A shift in the climate of a region profoundly affects temperature and rainfall patterns. These shifts cause corals to expel the symbiotic algae living within their tissues. The algae are responsible for the vibrant colors of corals, and therefore a sustained increase in ocean temperatures results in what is known as “coral bleaching” – when corals turn white. If corals are bleached for long periods, the corals eventually die. A 2015 study done by WWF projected that the climate-related loss of ecosystem services provided by reefs will cost $500 billion per year or more by 2100 (WWF).
The agriculture industry is uniquely placed as an industry both suffering from, and contributing to, climate change. It is estimated that farming accounts for 32% of greenhouse gas emissions (Action Aid), however the droughts and water scarcity resulting from climate change, as well as floods and unpredictable rainfall patterns, are negatively affecting food production.
Effective adaptation to sustainable farming practices has the potential to mitigate the impacts of climate change. The challenge is to find a way to develop sustainable agriculture practices which can increase production to meet the demands of and ensure food security and equitable distribution of resources for the growing global population.
The following technologies and practices are available to reduce the impact of agriculture on the environment, including a reduction in greenhouse gas emissions (ISSD):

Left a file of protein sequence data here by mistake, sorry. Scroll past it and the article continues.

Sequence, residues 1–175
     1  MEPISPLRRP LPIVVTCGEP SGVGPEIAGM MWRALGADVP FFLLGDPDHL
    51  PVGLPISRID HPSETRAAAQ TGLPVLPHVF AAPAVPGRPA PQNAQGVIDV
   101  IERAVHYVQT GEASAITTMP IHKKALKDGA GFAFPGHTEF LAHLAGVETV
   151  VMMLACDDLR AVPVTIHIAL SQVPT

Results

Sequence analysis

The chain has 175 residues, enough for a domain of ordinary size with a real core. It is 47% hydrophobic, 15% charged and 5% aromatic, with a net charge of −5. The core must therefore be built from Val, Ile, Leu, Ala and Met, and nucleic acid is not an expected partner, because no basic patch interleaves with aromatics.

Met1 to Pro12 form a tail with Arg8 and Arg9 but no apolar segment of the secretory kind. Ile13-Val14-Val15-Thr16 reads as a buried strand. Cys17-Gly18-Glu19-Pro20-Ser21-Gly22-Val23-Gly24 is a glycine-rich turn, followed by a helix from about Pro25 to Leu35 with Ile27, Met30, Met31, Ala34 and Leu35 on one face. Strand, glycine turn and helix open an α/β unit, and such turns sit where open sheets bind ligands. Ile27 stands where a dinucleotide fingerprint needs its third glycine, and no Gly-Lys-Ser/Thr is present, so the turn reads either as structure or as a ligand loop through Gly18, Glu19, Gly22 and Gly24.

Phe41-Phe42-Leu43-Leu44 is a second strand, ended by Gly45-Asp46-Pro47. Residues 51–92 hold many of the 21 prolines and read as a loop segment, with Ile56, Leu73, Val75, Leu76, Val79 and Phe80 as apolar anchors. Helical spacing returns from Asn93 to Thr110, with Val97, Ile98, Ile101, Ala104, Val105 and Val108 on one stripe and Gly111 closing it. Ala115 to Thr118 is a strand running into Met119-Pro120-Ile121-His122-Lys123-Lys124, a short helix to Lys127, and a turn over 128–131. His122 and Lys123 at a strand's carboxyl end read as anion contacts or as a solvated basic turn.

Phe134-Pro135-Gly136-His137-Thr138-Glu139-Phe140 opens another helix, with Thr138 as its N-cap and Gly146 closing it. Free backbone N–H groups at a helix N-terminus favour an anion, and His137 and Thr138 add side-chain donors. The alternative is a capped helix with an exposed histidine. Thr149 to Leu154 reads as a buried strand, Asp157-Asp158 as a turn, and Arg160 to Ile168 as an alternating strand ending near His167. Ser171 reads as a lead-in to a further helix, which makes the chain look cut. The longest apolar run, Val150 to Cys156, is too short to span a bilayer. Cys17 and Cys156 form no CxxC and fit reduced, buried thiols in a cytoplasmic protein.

- Use agricultural inputs (i.e. energy, chemicals and water) considerately.
- Conserve and use ecosystem services for increasing production, e.g. nutrient cycling in soil to improve fertility and biological control of insects and diseases to reduce dependence on pesticides.
- Manage soil health to enhance crop nutrition through use of green manure, low or no-tillage agriculture, and reducing dependence on chemical fertilizers.
- Use irrigation water efficiently to save water. Conserve the quality of water by maintaining natural vegetation.
- Select crops that are adapted to the region and resilient to adverse climatic conditions. Use a wide range of crop species in rotation.
- Using soil as a carbon sink and switching to carbon-smart farming.
How Sustainable Farming Helps Conserve Coral Reefs
Land-based sources of pollution are a critical threat to coral reefs as all pollutants that enter catchment areas end up in the ocean, and understanding of ridge-to-reef changes is needed to ensure the conservation and survival of coral reefs.
The sustainable farming practices highlighted above will result in a reduction in runoff of sediment and harmful chemicals due to efficient use of irrigation systems and reduced dependence on chemical pesticides and fertilizers, thus resulting in fewer and less intense algal blooms in the ocean, allowing the coral reefs to survive.
Sustainable agriculture and the use of new technologies that assist in reduction of greenhouse gas emissions will also slow down the current rate of climate change. Reducing tillage, planting cover crops and using organic matter for fertilizer can increase the amount of carbon stored in soil, which will reduce the negative impacts of climate change across a region.
Although agricultural areas and coral reefs are often miles apart, it is important to acknowledge the interconnectedness of agricultural practices and coral reef survival. Sustainable and environmentally aware farming operations can directly contribute to the survival of Earth’s coral reefs, while continuing to provide food security to the 7.9 billion people on Earth.